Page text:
Legal basis: Council Joint Action 2002/210/CFSP of 11 March 2002.Highlights of the mission’s mandate: Mentoring, monitoring and inspecting, to establish in BiH a sustainable,professional and multiethnic police service operating in accordance withEuropean and international standards. Assist local authorities in planning and conducting major and organisedcrime investigations, in contributing to an improved functioning of thewhole criminal justice system in general and enhancing police-prosecutorrelations in particular. Together with the European Commission, assist BiH authorities to identifyremaining police development needs which could be addressed throughCommunity assistance.Duration: January 2003-December 2009.Budget: 2003 €21.7 million (plus €14 million front-loaded in 2002); 2004€17.5 million; 2005 €17.41 million; 2006 €12 million; 2007 €12.5 million;2008 €14.8 million; 2009 €12.4 million; 2002-2009 €122.31 million.


Mission strength: 540 international staff (peak capacity) and 175 internationalstaff (March 2009).Contributing states: 27 Member States and 7 third states (Canada, Iceland,Norway, Russia, Switzerland, Turkey and Ukraine).The EU Police Mission (EUPM) in Bosnia was the first ESDP operation, and isstill ongoing. This has made it both a trailblazer and a guinea pig. The missioncan be credited with three main achievements. First, it demonstrated that the EUhad succeeded in rendering the ESDP operational. Brussels could assemble a sizeablecivilian mission, deploy it in the field and command and control it. Second,the EUPM has advanced the transformation of the Bosnian police from an instrumentof ethnic warfare into a professional service. The process was initiated by theUnited Nations International Police Task Force (UN-IPTF, 1996-2002), which at itspeak had about 2,000 international experts and enjoyed executive powers. Third,the EUPM has made significant headway in changing Bosnian policing mentalities,institutions and practices in line with European norms and standards. Thatsaid, law enforcement remains afflicted by some important shortcomings, and theobstacles that EUPM has confronted are illustrated below. Some of them have beensuccessfully tackled. Others are such that they exceed the problem-solving capacityof the mission. These include the high politics of police restructuring and the fightagainst organised crime and corruption, which have manifold political, economicand cultural roots.Bosnia declared independence in March 1992. Within a few months, the countrywas embroiled in a brutal ethnic war that lasted until 1995. It pitted a coalition ofMuslim and Croat Bosnians against Bosnian Serbs, who in turn were supportedby Belgrade. The war was brought to an end by a NATO military intervention. Inthe ensuing Dayton peace negotiations brokered by Washington, a new constitutionwas hammered out. Prioritising a quick deal over careful negotiations, the Daytonconstitution codified Bosnia’s division into two powerful ethnic entities – theMuslim-Croat Federation and the Serbian Republika Srpska – and a weak central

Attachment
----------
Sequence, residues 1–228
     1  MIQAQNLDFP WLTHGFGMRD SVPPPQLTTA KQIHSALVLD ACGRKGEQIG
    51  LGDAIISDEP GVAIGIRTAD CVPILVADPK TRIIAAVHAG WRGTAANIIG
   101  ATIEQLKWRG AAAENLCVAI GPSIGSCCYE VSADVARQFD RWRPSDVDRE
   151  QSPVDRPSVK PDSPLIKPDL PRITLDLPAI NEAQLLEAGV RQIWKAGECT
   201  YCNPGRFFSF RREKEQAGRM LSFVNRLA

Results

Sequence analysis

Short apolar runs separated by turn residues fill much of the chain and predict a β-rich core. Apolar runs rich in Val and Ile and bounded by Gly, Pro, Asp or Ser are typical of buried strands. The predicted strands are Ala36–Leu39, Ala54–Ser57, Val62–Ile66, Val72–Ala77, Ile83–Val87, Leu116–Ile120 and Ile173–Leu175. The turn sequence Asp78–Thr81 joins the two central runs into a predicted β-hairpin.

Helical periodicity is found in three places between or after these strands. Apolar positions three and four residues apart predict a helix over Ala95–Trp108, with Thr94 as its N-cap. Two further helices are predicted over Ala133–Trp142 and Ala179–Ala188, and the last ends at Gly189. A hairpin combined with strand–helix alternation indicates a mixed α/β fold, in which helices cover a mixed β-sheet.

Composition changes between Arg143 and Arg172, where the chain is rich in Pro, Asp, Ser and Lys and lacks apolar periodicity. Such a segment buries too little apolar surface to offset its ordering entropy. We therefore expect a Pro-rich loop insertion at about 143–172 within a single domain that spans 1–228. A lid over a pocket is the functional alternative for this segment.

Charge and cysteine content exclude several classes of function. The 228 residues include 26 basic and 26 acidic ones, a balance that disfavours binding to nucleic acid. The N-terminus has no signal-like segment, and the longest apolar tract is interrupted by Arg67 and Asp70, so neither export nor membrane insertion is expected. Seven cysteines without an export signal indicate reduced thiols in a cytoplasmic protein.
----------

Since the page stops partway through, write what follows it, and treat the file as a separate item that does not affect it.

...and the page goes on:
state. The Bosnian police remained legally, politically and ethnically divided. A HighRepresentative (HR) was appointed to oversee the implementation of the civilianaspects of the peace settlement. At first, the position of HR was little more than thatof a facilitator and coordinator of the country’s post-war reconstruction. But theleaders of post-Dayton Bosnia proved less amenable to international guidance thanassumed. In response, the international community transformed the country intoa protectorate. In 1997, the Steering Board of the Peace Implementation Council,which was set up in the wake of the Dayton peace agreement, endowed the HR withfar-reaching executive powers. Named after the town where the meeting took place,the ‘Bonn powers’ include the power to dismiss (elected) officials and impose laws.This has allowed the HR, who has been double-hatted as EU Special Representative(EUSR) since 2002, to persuade, cajole, pressure and force an often-reluctant politicalelite to reform the country in line with EU requirements. The downside is thathis heavy footprint has fostered a culture of dependency among local authorities.The overall effect of these contradictory tendencies is that the country remains ethnicallypolarised and internationally mandated reforms have been obstructed andundermined by local actors at every opportunity.Since the tenth anniversary of the Dayton accords in 2005, the international communityhas redoubled its efforts to overcome their legacy and push ahead with theEuropeanisation of Bosnia. Constitutional reform aimed at strengthening the stateat the expense of the ethnic entities has been at the top of the international agenda.The EU made the creation of a unified police structure which invests all legal andbudgetary powers in the state one of the conditions for signing a Stabilisation andAssociation Agreement (SAA) with Bosnia. But the police is a key lever of governmentalpower, which the Republika Srpska in particular has been unwilling to giveup. In the aftermath of the October 2006 elections, which reaffirmed the grip ofnationalist politicians on the electorate, the political climate in the country deteriorated,making a fundamental overhaul of policing even more difficult. It requiredstrong pressure by the HR/EUSR and the European Commission to get the coalitiongovernment at state level to agree finally to move ahead with police restructuringin order to meet the last outstanding condition for signing the SAA. The MostarDeclaration on police reform was followed up, in April 2008, by the approval oftwo new police laws by the country’s parliamentary assembly. 1 However, the fullimplementation of key elements of these laws, and of the Mostar Declaration moregenerally, remains hostage to an overall constitutional settlement, which remainselusive.1. The adoption of the laws paved the way for Bosnia to sign the SAA with the EU in June 2008.